Washington Post


IF THE STATE of Georgia has its way, Alexander Williams IV will soon be dead. Mr. Williams raped and murdered a teenage girl in 1986; his guilt is not seriously in doubt. Yet his execution would be barbarous. The reason is not just that Mr. Williams was 17 at the time of his crime, though the juvenile death penalty is a blight that should be ended. Mr. Williams also, in the words of prison doctors, suffers from “chronic paranoid schizophrenia,” and prison officials are authorized to forcibly medicate him with anti-psychotic drugs. The Supreme Court has forbidden the execution of those so mentally ill that they do not understand what is happening to them or why. So the Williams case raises the question of whether Georgia may treat an inmate to restore competency, in order then to kill him. To pose such a stomach-turning question is to answer it.

Mr. Williams did not plead insanity at his trial. But his symptoms, it seems, have worsened since — not surprising given that schizophrenia often develops in early adulthood. His lawyers, citing prison records from throughout his years on death row, contend that he believes actress Sigourney Weaver is God and that he “sees little red men in people’s eyes, and green frogs that do not exist. He sleeps on the floor so as to be closer to the frogs… . He says that rats have been ‘beamed into’ his cell.” The state does not concede the extent of Mr. Williams’s impairment, contending instead that the matter has never been raised in the appropriate forum. But it apparently does take his delusions seriously enough to forcibly inject him with drugs if he does not take them willingly.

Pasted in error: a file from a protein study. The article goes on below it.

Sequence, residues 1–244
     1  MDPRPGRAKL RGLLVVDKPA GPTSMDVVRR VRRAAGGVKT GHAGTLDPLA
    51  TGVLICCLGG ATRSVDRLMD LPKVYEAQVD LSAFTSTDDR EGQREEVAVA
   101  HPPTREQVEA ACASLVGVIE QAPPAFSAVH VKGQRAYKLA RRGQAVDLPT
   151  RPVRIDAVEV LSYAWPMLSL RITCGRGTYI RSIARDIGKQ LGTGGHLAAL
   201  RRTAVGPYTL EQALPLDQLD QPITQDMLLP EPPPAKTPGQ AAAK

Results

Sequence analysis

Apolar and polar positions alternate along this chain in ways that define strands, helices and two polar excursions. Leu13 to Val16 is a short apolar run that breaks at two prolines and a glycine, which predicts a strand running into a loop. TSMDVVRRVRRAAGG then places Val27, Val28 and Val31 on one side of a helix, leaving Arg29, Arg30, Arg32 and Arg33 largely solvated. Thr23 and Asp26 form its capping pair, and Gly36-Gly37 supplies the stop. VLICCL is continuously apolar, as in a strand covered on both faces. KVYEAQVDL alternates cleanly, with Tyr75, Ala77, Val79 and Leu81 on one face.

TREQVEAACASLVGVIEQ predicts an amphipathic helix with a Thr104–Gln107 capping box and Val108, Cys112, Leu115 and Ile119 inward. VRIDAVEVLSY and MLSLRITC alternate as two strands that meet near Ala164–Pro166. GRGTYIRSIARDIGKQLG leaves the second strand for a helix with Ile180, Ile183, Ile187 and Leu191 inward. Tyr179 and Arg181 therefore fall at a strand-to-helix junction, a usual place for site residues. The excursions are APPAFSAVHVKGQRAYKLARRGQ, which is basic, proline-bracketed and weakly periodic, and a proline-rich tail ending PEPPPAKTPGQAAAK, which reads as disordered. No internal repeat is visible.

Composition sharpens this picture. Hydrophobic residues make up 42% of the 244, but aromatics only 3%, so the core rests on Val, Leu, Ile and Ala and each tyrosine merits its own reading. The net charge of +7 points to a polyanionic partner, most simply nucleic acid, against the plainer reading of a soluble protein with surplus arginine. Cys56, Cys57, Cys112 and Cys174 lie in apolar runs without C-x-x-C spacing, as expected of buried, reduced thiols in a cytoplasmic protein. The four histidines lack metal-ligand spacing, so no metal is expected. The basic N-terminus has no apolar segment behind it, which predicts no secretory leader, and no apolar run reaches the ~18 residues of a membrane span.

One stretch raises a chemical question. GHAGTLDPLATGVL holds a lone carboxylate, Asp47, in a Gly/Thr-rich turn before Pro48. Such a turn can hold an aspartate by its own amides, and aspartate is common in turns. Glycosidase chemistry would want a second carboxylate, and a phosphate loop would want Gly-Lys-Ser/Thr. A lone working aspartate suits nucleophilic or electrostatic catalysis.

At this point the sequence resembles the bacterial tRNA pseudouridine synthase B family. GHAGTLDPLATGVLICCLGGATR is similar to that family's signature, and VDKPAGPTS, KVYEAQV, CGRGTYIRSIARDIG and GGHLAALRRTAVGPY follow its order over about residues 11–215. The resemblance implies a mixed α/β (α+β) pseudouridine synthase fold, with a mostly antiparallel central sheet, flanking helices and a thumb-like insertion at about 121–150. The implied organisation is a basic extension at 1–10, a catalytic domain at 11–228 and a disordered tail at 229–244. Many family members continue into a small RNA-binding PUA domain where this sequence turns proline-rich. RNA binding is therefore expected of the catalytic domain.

At the very least, a court should consider the evidence of Mr. Williams’s current mental state and determine whether his execution would offend the Constitution. No court has yet done so. Ultimately, the Supreme Court should make clear that states may not treat mental illness in order to pave the road to the death chamber. The court faced this question once before, and it punted. It should not do so again. Nor should the Georgia Board of Pardons and Paroles turn away. If there is any role for executive clemency, surely sparing the mentally ill from the full wrath of criminal law is among the more compelling. The board yesterday temporarily stayed the execution, which would otherwise have taken place today, to consider the matter further. Here’s hoping someone has the decency to stop it altogether.